I sold my 1983 R100RT-Ural Sidecar rig quite some years ago; and purchased what is now my own personal sidecar rig, which I intend to keep until too old to drive it. This rig is the single-front-hinge GT2 model; it is pulled by an early 1993 model (produced June 1992) BMW K1100LT. I have made a lot of modifications/changes. The rig used to be Al Olme's. I think he may miss it so much that he is constructing/assembling another of these rigs :-)
If you look at the brochure pages at the beginning of this article, you will find dimensions, weight, etc. for this EML sidecar. I have NOT confirmed the empty weight of the entire sidecar by itself because I never weighed mine separately. EML published that in the brochure as 123 Kg, which is 271 pounds.
I have measured my GT2 for weight at the tire-to-surface point. The
tire at that time was a Nankang N-803 model,
about 85% worn, in size 135R15.
The wheel was standard as
were suspension parts. NOTE that
weight on a sidecar wheel will somewhat depend
on the distance the
sidecar wheel is from the centerline of the tug.
For my rig, the
center-line of the tug rear tire to the center-line of the sidecar tire,
as if there was no
lead, is 53-1/2". For all weight measurements
the sidecar had ~10 pounds of
brackets for the seat,
etc. It was
attached to my tug & the sidecar had approximately
23 pounds of
weight (tools, water, etc.)
in the sidecar trunk, most of that 23 pounds
was against the aft wall of the trunk. The sidecar interior,
trunk, has heavy industrial/hotel carpeting, perhaps a total of 20
pounds. The windshield is a
width-shortened full type; the
full heavy duty top I made, with tall roll bar, was on the
I measured, on an accurate scale, the weight the tire produced
towards the ground
(actually, 2.5" above
ground due to scale
thickness). It was 249 pounds. For a second test
I had a passenger of 130 pounds sitting in the chair, centered
the chair seat.
The result was 334 pounds. All these results were
The wheel lead I use is 13-1/4".
is a series of photos of a very early EML sidecar (this
is NOT my sidecar),
and of the brake
caliper & brake pads used for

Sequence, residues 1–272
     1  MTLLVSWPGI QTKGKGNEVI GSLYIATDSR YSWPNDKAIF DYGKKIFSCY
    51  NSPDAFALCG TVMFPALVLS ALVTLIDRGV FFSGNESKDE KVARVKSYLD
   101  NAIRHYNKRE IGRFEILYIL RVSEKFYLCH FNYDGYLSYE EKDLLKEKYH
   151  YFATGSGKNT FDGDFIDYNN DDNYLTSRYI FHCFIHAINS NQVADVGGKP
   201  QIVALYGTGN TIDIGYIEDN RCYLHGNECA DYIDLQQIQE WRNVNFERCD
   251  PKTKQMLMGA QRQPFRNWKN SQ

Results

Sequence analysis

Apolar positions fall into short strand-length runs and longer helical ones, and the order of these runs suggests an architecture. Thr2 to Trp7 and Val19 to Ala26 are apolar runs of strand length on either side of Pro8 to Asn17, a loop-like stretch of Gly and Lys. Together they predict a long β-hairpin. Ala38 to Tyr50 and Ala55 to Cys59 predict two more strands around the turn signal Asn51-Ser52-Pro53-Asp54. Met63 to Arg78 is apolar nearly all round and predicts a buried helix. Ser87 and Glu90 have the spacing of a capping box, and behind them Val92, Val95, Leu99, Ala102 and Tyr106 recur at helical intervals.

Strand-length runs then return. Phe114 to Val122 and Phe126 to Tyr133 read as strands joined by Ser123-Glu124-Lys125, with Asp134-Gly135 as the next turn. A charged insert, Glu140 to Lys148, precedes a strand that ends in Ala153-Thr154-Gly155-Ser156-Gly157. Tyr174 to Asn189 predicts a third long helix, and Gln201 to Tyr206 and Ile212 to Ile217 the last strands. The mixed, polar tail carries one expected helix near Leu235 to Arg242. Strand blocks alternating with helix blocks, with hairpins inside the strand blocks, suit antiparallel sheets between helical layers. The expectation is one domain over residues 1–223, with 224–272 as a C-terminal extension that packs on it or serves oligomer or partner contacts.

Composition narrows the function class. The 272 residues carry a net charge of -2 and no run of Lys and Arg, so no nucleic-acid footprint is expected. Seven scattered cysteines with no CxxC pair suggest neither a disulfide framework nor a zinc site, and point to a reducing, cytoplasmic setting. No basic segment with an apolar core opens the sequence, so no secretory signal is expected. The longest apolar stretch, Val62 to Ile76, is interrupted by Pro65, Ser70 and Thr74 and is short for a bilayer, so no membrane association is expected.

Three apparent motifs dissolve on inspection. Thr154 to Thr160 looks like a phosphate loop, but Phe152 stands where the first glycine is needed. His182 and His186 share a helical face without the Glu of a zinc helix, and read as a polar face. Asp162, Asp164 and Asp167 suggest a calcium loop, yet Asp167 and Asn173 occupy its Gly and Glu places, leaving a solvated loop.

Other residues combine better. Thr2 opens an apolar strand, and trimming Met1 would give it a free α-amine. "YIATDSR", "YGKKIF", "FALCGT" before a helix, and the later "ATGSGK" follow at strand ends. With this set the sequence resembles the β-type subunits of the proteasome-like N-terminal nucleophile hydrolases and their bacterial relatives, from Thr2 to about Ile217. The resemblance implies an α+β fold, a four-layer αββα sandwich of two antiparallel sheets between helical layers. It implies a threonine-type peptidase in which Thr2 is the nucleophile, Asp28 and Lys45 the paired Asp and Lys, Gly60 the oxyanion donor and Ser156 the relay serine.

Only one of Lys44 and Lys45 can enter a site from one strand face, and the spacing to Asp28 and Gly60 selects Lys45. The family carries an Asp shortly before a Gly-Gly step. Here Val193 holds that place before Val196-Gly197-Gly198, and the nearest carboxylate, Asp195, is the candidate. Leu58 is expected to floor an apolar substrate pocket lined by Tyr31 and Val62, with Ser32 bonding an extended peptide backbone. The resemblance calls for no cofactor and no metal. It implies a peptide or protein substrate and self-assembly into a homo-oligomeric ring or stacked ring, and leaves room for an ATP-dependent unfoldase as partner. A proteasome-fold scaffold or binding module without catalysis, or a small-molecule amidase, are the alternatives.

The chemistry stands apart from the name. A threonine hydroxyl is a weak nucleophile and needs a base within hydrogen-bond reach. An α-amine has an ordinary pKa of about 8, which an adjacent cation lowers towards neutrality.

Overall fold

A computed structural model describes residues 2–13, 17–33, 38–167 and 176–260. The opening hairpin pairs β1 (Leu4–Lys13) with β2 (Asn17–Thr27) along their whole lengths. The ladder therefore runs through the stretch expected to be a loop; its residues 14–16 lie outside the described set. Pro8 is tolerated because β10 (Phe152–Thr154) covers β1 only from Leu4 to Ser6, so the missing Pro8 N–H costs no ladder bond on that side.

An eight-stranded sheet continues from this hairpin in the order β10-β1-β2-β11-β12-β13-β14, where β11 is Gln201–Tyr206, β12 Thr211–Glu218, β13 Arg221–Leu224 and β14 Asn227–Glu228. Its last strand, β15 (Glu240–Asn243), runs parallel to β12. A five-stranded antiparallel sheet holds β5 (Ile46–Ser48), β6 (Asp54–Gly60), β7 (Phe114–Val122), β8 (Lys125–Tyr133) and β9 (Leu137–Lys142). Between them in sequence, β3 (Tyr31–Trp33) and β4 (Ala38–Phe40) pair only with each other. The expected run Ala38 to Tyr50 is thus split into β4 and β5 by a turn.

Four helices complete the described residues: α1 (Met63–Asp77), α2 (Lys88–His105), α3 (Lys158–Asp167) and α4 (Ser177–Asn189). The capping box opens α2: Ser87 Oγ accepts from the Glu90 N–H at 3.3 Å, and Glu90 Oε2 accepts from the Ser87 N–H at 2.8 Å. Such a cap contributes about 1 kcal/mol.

it. This brake is the Grimeca; pads/parts
are available from Michael
"Mercury" Morse, at
contact the manufacturer, for information:
NOTE the LAMP on the SIDE of the BODY TOWARDS the front. Al Olme noted that some early EML sidecars (80's & earlier?) had that ugly-looking front lamp unit, a combination marker & amber turn signal...bolted to the outside of the sidecar,... it protruded out as shown. Al says that it was made by Hella, still available as 2 per box, under part 003014251, is not stocked in the USA, orderable from P.U.M.A. Contact "Paul" at (800)-354-3552. An internet search might find other sources?
Note the differences between the EML marked and Grimeca marked calipers.
TWO photos of an early GT2 (TWO front hinges). This EML sidecar opens without the front cover purposely being on an angle as it is raised.
Everything from this point is of my own later model ONE hinge GT2.
This stock EML hinge is purposely designed so the front cover swings slightly away from the motorcycle as the cover is opened. A close look at the hinge will show that its central pin is NOT at 90° to the sidecar body, thus the opened front cover swings away from the motorcycle.
The photo below shows the quite weatherproof top I built from scratch. The windows are removable ...or, can be rolled up. There is a flat thin bar stiffening piece going fore-aft, centered at the top, to keep the canvas top from striking the head of the passenger as speed increases (pressure created by oncoming wind is downwards on the top). I probably way over-designed and overbuilt the top. Very heavy best of the best canvas and fittings, numerous stress-relieving joints/reinforcements. The top is likely even more over-built on how the rear bottom area is Velcro'd over TWO lengths of the bottom flap (that you cannot see in this photo), that wraps under & onto the fiberglass tub. I wanted this top waterproof, & UNable to be blown off at any speed/wind condition. There is also a FORWARD flap, with snaps, at this REAR area. The side windows have zippers & are arranged so the windows can be rolled-upwards if one wants more ventilation, & there is a strap and snaps built into the top to keep the windows rolled-up as desired. These side-curtains/windows are removable if one so desires. Much thought went into what type of material to use for the material for the top; and, for its waterproofing. I also wished to add to the top material's own inherent water-proofing. I consulted boat top makers, ETC. I decided on "Starbrite Waterproofing with PTEF"....which is for tents, boat tops, boat covers, outdoor clothing, etc. It is approved for Sunbrella, fabric blends, leather, canvas, and Nylon. It does not change fabric breathability nor color. It also allows cleansing off bird droppings nicely. Use exactly per the container! The top material is the highest grade of a premium boat cover material. The amount of work that went into this top was excessive...but it has certainly held up & performed well, & still looks almost like the day I finished it, many years ago. It remains waterproof in a downpour.
Separate article with other views of this top, and of other folk's EML tops: http://bmwmotorcycletech.info/emltops.htm